I was pleasantly surprised by Kingmaker's Sword. Judging by the kilts on the cover, I should have known to expect a rollicking Celtic-inspired sword-and-sorcery adventure, and that's exactly what it was. Tyra is essentially a slightly altered Scotland, along with the island of Celi and the province of Skai, where Kerri hails from. The book opens with a breakdown of the different seasons in this world, a pronunciation guide, and a map--sort of the holy triumverate of opening pages when it comes to pulpy sword-and-sorcery novels. There is nothing earth-shatteringly new in these books, but they are undeniably fun, smoothly written, and peopled with enjoyably heroic characters pitted against dastardly evil sorcerers against a suitably epic backdrop. I ate them up with a spoon and they have worn rather well over the years. This trilogy follows three generations of Kian's family, including his children and grandchildren. And while I'm usually dismayed when a series jumps generations like that, I have to say that is not the case here as the second novel, The Western King, is definitely the finest installment. Marston follows this trilogy up with another, the Sword in Exile trilogy, which continues the story of the rune blades and the line of the princes of Skai. It, too, is worth a read. Both series are now out of print, but if you can find a copy I do recommend them, particularly for fans of Jennifer Roberson, Susan Dexter, and Moira J. Moore.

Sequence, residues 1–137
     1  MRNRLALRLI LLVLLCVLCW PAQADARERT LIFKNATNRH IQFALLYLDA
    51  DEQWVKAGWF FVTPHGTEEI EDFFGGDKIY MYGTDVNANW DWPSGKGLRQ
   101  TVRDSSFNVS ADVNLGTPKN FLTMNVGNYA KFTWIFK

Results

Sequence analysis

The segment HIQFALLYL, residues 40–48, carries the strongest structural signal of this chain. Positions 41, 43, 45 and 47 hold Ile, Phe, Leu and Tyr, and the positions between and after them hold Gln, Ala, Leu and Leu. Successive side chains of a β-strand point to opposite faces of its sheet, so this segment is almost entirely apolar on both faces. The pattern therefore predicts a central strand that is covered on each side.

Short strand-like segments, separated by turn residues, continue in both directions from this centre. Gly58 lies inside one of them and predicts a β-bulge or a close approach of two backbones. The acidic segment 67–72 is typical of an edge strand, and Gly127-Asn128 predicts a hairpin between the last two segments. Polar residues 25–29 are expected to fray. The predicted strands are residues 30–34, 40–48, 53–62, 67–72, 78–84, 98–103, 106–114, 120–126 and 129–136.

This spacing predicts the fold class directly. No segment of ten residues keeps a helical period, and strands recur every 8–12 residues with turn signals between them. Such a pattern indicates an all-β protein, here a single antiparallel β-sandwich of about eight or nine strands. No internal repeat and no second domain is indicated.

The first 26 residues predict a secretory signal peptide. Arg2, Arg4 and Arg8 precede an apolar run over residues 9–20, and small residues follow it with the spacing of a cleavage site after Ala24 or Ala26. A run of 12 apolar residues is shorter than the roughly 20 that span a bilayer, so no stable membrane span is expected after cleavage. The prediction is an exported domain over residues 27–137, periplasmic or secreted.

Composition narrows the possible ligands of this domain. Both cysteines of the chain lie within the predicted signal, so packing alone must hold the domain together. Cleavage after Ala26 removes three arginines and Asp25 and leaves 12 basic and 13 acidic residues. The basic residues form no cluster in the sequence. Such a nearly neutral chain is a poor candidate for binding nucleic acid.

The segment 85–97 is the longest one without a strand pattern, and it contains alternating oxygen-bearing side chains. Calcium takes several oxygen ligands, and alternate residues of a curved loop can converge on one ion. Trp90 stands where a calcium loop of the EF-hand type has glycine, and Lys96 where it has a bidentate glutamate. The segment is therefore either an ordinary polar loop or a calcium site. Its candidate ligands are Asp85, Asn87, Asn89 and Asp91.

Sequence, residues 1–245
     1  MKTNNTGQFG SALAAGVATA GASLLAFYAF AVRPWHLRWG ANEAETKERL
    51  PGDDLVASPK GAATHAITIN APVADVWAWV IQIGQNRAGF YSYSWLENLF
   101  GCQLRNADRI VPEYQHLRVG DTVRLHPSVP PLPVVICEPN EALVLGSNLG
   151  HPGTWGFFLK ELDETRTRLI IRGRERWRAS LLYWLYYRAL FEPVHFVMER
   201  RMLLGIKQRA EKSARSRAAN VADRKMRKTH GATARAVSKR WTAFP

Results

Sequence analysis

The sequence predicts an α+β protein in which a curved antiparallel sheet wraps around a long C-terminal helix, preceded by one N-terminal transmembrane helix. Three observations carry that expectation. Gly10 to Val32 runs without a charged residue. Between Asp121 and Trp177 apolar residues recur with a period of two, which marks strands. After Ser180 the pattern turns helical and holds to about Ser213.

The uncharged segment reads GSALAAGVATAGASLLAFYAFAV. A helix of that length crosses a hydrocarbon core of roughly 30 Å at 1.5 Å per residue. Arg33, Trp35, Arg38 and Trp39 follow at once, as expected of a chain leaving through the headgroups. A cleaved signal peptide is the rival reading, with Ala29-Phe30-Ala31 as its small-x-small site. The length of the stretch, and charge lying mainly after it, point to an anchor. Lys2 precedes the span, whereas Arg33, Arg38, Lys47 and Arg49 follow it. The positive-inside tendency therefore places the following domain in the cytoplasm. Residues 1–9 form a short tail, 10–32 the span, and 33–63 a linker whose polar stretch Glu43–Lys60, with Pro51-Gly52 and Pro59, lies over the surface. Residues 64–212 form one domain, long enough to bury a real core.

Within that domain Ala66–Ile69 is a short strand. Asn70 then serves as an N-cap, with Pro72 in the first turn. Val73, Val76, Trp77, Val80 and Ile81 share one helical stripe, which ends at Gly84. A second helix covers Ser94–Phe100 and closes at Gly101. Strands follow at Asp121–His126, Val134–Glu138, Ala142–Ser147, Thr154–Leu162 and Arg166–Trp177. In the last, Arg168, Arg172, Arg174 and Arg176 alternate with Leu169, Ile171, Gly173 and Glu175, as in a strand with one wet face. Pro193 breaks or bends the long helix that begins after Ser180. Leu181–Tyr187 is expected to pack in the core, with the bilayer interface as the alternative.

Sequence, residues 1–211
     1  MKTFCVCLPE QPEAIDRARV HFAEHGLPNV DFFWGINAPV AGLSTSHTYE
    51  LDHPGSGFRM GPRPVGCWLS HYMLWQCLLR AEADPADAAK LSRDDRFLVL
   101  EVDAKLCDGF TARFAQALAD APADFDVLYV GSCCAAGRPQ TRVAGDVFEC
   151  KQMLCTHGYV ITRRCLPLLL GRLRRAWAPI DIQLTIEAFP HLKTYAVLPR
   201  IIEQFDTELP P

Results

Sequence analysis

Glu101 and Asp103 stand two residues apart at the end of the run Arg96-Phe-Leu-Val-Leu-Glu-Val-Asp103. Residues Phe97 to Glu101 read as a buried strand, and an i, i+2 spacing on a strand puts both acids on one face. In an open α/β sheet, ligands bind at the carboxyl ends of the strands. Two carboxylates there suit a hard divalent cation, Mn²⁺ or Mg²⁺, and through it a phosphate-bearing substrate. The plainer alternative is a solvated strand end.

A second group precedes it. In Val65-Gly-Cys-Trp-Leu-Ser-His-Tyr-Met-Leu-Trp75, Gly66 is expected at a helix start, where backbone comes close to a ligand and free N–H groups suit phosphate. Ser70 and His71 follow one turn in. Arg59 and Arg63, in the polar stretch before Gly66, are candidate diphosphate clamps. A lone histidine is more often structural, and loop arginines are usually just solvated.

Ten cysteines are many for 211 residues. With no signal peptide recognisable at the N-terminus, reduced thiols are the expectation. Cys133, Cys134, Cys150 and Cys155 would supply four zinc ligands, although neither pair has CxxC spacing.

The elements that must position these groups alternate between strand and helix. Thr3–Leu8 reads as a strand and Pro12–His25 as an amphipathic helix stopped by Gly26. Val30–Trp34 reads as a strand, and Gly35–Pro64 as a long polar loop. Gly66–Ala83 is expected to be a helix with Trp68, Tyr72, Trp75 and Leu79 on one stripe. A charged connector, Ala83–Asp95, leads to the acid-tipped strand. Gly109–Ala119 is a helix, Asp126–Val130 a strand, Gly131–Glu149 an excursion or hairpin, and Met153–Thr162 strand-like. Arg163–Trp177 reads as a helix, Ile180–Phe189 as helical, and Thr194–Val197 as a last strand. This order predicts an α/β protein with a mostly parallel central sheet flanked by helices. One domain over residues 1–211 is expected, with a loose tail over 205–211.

Comments

  1. Great Review! I really like the cover!

    http://fantasysink.blogspot.com/

    ReplyDelete